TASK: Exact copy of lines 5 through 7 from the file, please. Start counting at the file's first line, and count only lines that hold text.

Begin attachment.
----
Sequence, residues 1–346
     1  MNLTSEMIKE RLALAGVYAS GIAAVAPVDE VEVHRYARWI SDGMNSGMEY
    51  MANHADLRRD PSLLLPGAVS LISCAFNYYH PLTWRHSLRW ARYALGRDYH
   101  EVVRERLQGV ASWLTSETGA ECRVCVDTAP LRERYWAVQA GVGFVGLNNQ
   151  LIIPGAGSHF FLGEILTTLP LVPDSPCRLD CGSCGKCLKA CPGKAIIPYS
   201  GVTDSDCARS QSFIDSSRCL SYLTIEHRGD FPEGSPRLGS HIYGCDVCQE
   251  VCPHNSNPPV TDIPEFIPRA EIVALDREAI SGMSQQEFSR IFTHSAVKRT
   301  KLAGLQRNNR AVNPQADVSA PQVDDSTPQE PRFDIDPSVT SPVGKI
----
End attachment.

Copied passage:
   151  LIIPGAGSHF FLGEILTTLP LVPDSPCRLD CGSCGKCLKA CPGKAIIPYS
   201  GVTDSDCARS QSFIDSSRCL SYLTIEHRGD FPEGSPRLGS HIYGCDVCQE
   251  VCPHNSNPPV TDIPEFIPRA EIVALDREAI SGMSQQEFSR IFTHSAVKRT